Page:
Many people have helped contribute to these Recording Technology History web pages. The University of San Diego has provided faculty research grants for travel and research. The San Diego Historical Society has allowed access to its Research Archives and Sound Recording Collection. Archivist Tammie Bennett helped with the recording of cylinders and discs from the Society's collection January 22, 1998, and Miles Johnston from the USD Media Center provided recording expertise. Curator Greg Williams has guided me in locating pictures in the Society's enormous Photograph Collection. Sheldon Hochheiser at the AT&T Archives in Warren, New Jersey, helped locate documents and photographs during my visit August 21, 1998, investigating the work at Bell Labs 1915-1935 that created the Electrical Revolution in sound recording.
The Edison National Historic Site with the assistance of Curator Jerry Fabris, allowed me to photograph and record early Edison machines during my visit to West Orange, New Jersey, on August 24, 1998. The Smithsonian National Museum of American History allowed me to search for documents and artifacts related to the history of sound recording during my visit to Washington D. C. in June, 1999. I am grateful for the expertise provided by Smithsonian curators Elliott Sivowitch and Bill Worthington. Jan Neumann at the Center for Magnetic Recording and Research (CMRR) at the University of California San Diego campus in La Jolla, and Tony Harville at Copley Library at the University of San Diego have helped locate journals and books.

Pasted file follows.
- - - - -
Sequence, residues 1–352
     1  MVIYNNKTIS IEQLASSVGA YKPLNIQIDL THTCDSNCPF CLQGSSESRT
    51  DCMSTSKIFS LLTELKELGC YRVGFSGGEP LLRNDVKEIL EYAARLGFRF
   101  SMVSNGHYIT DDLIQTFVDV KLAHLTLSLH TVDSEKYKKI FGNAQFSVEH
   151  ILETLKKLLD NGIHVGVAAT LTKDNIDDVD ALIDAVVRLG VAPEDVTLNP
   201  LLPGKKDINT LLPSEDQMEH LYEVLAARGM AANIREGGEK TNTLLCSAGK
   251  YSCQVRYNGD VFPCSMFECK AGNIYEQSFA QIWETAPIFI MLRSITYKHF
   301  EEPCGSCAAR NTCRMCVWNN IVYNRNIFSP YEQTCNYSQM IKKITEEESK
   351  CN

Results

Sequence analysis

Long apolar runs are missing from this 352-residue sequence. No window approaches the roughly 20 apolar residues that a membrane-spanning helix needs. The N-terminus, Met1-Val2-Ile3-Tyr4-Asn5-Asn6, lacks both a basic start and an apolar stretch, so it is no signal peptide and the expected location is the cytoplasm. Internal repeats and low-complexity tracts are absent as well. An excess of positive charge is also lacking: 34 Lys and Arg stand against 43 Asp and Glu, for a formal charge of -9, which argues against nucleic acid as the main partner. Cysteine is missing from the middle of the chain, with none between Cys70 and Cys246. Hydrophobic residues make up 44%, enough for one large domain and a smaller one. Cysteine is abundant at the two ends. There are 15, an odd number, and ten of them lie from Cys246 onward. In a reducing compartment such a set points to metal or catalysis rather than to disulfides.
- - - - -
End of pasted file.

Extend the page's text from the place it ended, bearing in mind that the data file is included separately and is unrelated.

Private collectors have provided information and photos of rare and significant artifacts: Judy MacDonald
CMRR in La Jolla
and her Crosby collection, Will Chandler and the Orthophonic phonograph, Roger Bellow and the Webster wire recorder, Lee Exline and the Highway Hi-Fi, David Forbes and the Seeburg Background Music System. Many other individuals have provided information on recording technology: Don Adamson and Aldo Andreani regarding the transistor radio, Jean-Paul Agnard and Glenn Sage and Allen Koenigsberg on Edison cylinders, James Livingston and John Parncutt on magnetic recording, Margaret Fisher on radio recordings, Don Pierson and Jeroen Steenblik on videorecorders, Samuel Brylawski on the AFRS, Ken Campbell on sound film, Rofiee Harun on digital recording, Sonny Clutter on the Radiola, Tom Tyson and Edgar Villchur on loudspeaker history.
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